May 2005
Volume 46, Issue 13
ARVO Annual Meeting Abstract  |   May 2005
Association Between Systemic Arterial Stiffness and Age–Related Macular Degeneration
Author Affiliations & Notes
  • E. Sato
    Schepens Retina Associates Foundation, Boston, MA
  • E.Y. Appelbaum
    Schepens Retina Associates Foundation, Boston, MA
  • M.N. Menke
    Schepens Retina Associates Foundation, Boston, MA
  • C.L. Trempe
    Schepens Retina Associates Foundation, Boston, MA
  • J.W. McMeel
    Schepens Retina Associates Foundation, Boston, MA
  • G.T. Feke
    Schepens Retina Associates Foundation, Boston, MA
  • Footnotes
    Commercial Relationships  E. Sato, None; E.Y. Appelbaum, None; M.N. Menke, None; C.L. Trempe, None; J.W. McMeel, None; G.T. Feke, None.
  • Footnotes
    Support  None.
Investigative Ophthalmology & Visual Science May 2005, Vol.46, 232. doi:
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      E. Sato, E.Y. Appelbaum, M.N. Menke, C.L. Trempe, J.W. McMeel, G.T. Feke; Association Between Systemic Arterial Stiffness and Age–Related Macular Degeneration . Invest. Ophthalmol. Vis. Sci. 2005;46(13):232.

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      © ARVO (1962-2015); The Authors (2016-present)

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Abstract: : Purpose: Our previous study [ARVO 2004, E–Abstract 2998] investigated the relationship between the magnitude of retinal hemodynamic abnormalities in patients with age–related macular degeneration (AMD) and the degree of severity of the disease, and suggested that an increasing vascular rigidity in the systemic arterial circulation may be associated with an increasing severity of AMD. In the present study, we investigated whether there is an association between the actual, directly measured, systemic arterial stiffness and the presence of AMD. Methods: Assessment of the systemic arterial stiffness was performed noninvasively using a SphygmoCor 2000 system (AtCor Medical, Sydney, Australia) to measure the pulse wave velocity (PWV). Measurement sites were at the radial and carotid arteries. The Sphygmocor system was also used to determine the central aortic blood pressure waveform, which is derived from the radial artery measurements. We studied 21 patients with AMD (4 males, 17 females, ages 60 to 87 years, mean 78 years) and 9 age–matched control subjects (2 males, 7 females, ages 66 to 92 years, mean 73 years). All study subjects received a complete ophthalmic examination including digital fundus photography. All of the patients with AMD were classified as stage 3 or worse in at least one eye according to the AREDS system. Statistical comparisons were made using unpaired t–tests. Results: PWV was significantly higher in the patients with AMD (8.2 ± 1.1 m/s, mean ± sd) compared to controls (7.0 ± 0.8 m/s, p = 0.010) indicating increased arterial stiffness. Central aortic systolic blood pressure was also significantly higher in AMD (149 ± 20 mmHg) compared to controls (126 ± 20 mmHg, p = 0.013), as was central aortic pulse pressure (69 ± 20 mmHg in AMD) compared to controls (49 ± 4.3 mmHg, p = 0.018). Mean brachial artery blood pressure was 108 ± 2.8 mmHg in AMD, and 96 ± 5.1 mmHg in controls, p = 0.017. Conclusions: Patients with AMD have a higher central aortic pulse pressure and an increased arterial stiffness compared to age–matched controls. These results suggest that factors often associated with systemic vascular disease are also related to an increased risk for the presence of AMD.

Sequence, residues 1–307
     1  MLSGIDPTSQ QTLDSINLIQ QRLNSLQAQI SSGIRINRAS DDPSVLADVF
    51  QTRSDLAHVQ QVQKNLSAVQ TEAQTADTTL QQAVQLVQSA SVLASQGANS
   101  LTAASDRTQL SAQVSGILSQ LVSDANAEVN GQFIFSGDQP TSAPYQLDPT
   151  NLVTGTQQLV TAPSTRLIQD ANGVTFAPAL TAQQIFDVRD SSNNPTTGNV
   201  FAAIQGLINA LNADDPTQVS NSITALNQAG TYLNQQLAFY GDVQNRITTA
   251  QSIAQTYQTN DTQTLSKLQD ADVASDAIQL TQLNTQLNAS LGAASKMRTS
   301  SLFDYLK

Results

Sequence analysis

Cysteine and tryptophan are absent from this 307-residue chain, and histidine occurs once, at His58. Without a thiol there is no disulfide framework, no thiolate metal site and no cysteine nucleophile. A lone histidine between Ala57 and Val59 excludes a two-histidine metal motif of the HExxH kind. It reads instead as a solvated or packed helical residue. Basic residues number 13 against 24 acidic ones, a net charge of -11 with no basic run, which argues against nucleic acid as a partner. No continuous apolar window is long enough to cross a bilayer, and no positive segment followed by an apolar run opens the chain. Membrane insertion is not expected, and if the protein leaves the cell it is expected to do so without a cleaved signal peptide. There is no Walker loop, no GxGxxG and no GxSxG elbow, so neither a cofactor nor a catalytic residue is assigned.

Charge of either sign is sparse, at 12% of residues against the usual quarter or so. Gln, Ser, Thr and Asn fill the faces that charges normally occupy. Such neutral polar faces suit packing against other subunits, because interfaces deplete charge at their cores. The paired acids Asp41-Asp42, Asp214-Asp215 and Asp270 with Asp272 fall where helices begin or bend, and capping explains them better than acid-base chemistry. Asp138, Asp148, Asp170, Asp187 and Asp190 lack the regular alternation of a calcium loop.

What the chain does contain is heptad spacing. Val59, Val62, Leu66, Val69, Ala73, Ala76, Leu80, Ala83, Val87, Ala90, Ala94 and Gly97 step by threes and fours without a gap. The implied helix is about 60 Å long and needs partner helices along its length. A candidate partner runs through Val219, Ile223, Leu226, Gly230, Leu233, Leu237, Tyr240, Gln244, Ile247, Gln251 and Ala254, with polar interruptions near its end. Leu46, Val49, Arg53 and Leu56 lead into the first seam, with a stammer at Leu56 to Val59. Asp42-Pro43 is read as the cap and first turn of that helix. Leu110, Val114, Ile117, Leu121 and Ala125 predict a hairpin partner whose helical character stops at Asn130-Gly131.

Keywords: age-related macular degeneration • clinical (human) or epidemiologic studies: risk factor assessment • aging 

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